To become a U.S. citizen you must first become a permanent resident. Then you must wait five years (or three years if you are married to and living with a U.S. citizen) before you can apply for U.S. citizenship.

If your child is a U.S. citizen, then when they turn 21, they may be able to help you become a legal immigrant.

Also, if your child has special needs, this may help you stay in the U.S. if you are being deported. But it does not automatically make you eligible and will not stop Immigration from deporting you.

It is not easy for an undocumented immigrant to become a permanent resident. Unfortunately, the process of becoming a permanent resident from an undocumented immigrant is too complicated to full explain in this guide.  But the table below gives you some information.

If you have questions or think any of these laws apply to you, talk to an immigration lawyer or a community organization that helps immigrants.

Special Immigrant Juvenile Status (SIJS)

If you are unmarried, under 21, and were abused, neglected, or abandoned by your parents in the U.S. or your home country, you may qualify for SIJS and permanent residency. Many applicants for SIJS

  • are or were in foster care,
  • have or had a court-appointed guardian, or
  • are in delinquency court.

You must have an order from a juvenile court to qualify for SIJS.

Important! If you get married or turn 21, you will not be able to qualify for SIJS.

U Visas If you (or your child or parent) have been a victim of certain kinds of crimes, and you help or agree to help the police, you may qualify for a U Visa and permanent residence.

These crimes include

  • domestic violence (abuse by someone you live with, are related to, have a child with, and/or are or were in a relationship with),
  • sexual assault,
  • rape,
  • assault, and
  • certain other serious crimes.

If you have been the victim of a crime, you should talk to a lawyer about the U Visa law.

Violence Against Women Act (VAWA) If your parent, stepparent, adoptive parent, or legal spouse (who is a U.S. citizen or permanent resident) abuses you, this law allows you to apply for permanent resident status.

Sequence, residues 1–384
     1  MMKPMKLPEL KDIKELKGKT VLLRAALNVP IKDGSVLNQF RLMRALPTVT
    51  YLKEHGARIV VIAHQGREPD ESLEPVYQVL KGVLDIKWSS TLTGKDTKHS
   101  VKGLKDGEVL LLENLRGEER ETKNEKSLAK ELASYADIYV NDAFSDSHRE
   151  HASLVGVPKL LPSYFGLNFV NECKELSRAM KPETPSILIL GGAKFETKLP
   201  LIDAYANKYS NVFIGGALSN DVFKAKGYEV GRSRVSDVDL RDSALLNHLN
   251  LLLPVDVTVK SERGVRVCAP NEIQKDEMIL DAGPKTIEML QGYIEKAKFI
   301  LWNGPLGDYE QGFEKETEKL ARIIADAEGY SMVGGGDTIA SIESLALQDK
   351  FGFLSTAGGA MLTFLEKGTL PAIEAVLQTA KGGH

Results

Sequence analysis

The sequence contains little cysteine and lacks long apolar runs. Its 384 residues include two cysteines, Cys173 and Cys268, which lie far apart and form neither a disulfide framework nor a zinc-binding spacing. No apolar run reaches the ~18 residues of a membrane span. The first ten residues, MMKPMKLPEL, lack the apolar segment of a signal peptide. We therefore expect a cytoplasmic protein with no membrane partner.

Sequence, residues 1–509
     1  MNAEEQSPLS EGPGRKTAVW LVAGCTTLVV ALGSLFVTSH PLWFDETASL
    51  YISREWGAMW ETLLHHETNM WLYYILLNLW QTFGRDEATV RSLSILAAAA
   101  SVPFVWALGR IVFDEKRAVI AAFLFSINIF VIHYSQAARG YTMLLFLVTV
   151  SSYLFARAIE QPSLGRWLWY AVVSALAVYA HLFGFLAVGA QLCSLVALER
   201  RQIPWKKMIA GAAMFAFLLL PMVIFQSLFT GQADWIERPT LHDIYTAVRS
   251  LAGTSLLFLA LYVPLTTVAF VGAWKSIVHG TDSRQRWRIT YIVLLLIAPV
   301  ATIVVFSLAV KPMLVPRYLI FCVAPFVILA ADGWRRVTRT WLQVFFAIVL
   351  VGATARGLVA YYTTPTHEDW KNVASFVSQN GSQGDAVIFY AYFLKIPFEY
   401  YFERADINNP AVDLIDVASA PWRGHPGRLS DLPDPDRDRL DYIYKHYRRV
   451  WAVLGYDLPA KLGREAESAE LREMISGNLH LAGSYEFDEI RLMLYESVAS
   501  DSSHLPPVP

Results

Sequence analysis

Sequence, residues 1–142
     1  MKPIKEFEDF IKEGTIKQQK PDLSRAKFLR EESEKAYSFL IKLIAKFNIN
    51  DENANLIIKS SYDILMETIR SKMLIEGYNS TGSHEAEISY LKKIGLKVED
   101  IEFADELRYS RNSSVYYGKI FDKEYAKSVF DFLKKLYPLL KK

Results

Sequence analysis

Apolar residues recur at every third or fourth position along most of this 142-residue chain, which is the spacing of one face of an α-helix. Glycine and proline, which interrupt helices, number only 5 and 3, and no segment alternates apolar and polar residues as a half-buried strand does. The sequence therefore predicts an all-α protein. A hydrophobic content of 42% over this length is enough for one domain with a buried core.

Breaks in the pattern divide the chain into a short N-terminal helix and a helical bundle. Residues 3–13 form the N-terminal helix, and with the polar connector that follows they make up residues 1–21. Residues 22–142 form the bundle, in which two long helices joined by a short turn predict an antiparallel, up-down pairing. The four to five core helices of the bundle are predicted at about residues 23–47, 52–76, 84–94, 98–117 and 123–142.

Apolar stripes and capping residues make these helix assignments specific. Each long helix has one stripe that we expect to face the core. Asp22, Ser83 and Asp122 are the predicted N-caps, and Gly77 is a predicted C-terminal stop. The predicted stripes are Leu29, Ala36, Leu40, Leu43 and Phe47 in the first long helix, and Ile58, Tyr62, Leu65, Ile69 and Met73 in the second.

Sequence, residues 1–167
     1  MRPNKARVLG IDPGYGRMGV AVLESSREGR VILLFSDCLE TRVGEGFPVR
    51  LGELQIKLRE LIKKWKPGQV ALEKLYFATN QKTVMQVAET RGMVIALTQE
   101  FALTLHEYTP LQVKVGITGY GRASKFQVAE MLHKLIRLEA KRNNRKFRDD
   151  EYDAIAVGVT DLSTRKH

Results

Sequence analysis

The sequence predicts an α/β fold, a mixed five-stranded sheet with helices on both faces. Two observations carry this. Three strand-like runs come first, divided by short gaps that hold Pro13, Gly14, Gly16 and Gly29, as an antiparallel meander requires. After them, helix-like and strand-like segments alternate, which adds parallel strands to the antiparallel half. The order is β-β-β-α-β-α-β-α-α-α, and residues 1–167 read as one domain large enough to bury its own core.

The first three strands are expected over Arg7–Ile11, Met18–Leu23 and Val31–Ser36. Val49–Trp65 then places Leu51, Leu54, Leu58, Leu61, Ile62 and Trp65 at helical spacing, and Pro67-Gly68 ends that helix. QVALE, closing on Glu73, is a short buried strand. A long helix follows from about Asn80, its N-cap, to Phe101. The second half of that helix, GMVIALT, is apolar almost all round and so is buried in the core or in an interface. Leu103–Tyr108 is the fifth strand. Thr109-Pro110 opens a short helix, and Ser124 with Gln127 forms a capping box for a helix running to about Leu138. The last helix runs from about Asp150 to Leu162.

Permanent Residency through a Relative If you have a qualified relative, you might be able to apply for permanent residence.

A qualified relative includes your

  • parent, stepparent, or adoptive parent who is a U.S. citizen or permanent resident,
  • husband or wife who is a U.S. citizen or permanent resident, and
  • child, sister, or brother who is a U.S. citizen and at least 21.

Becoming a permanent resident through a relative is very complicated and can take many years. There are many rules that make it difficult for applicants.

Asylum You can qualify for asylum if you or someone in your family had to leave your country (or cannot return to your country) because of danger or serious harm related to political, religious, or racial problems.
Cancellation of Removal (Order to Stop Deportation)

Cancellation of removal is very difficult to get. But you may qualify to apply if

  • you have lived in the U.S. for more than 10 years,
  • you have a child who is a U.S. citizen, and
  • immigration is trying to deport you now.
Other There are other ways to legalize your status that are not listed here. You should check in regularly with an immigration lawyer or a community organization that helps immigrants. The laws change almost every year. And, sometimes the courts interpret old laws differently. Even if you cannot legalize your status now, the laws may change.



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